H-1b/L-1 Expansion Destroys American Science Education
Print Friendly and PDF
H-1b/L-1 expansion was posed by some congressman as a "stopgap" measure until the US could train more software engineers. Let's check a little about one measure of the "progress" that has been made: In 1997, 14 of the top 27 teams in the ACM International Collegiate Programming Contest were from the US. By 2006, only one of the top 27 teams was from the US.

Now, we are also seeing similar decline in science knowledge among high school students.

The rise of temporary worker visas in the US has been accompanied by significant educational decline by a variety of measures.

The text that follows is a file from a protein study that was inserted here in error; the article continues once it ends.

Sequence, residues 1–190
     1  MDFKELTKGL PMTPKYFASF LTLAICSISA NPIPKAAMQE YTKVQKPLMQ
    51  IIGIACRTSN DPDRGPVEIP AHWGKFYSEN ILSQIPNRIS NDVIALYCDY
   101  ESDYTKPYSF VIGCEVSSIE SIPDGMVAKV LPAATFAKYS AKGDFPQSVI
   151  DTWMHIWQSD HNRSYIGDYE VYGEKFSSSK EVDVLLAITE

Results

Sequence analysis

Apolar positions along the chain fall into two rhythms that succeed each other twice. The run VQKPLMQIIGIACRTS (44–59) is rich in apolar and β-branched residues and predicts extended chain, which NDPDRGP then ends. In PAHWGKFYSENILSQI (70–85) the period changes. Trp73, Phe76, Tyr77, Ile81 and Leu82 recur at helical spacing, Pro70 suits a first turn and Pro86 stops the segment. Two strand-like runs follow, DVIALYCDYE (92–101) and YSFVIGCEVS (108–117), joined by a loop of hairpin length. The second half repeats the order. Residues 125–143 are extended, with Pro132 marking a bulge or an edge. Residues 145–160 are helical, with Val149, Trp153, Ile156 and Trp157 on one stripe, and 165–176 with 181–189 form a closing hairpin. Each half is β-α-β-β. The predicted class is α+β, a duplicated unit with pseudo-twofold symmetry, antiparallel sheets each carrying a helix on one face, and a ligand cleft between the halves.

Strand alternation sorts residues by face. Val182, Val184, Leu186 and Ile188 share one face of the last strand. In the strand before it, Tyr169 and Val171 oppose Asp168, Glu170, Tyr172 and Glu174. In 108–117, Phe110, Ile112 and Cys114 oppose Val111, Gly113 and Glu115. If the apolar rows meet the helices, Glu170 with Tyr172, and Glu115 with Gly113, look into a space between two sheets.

The reason is really quite simple: scientific and technical professions are more subject to direct competition from foreigners via immigration compared to other occupations. Real Estate Salesmen, CPA's, Lawyers, stockbrokers all have some very well paid practitioners - but none of these occupations have a special visa classification aimed at enabling foreigners able to get jobs in the US to do so.

The US's leading competitors in technical areas include countries like Japan and South Korea with virtually no immigration, high education levels, large trade surpluses - and which lack the natural resource base the US has.

The US needs to cease this failed strategy and look elsewhere for a solution.

Print Friendly and PDF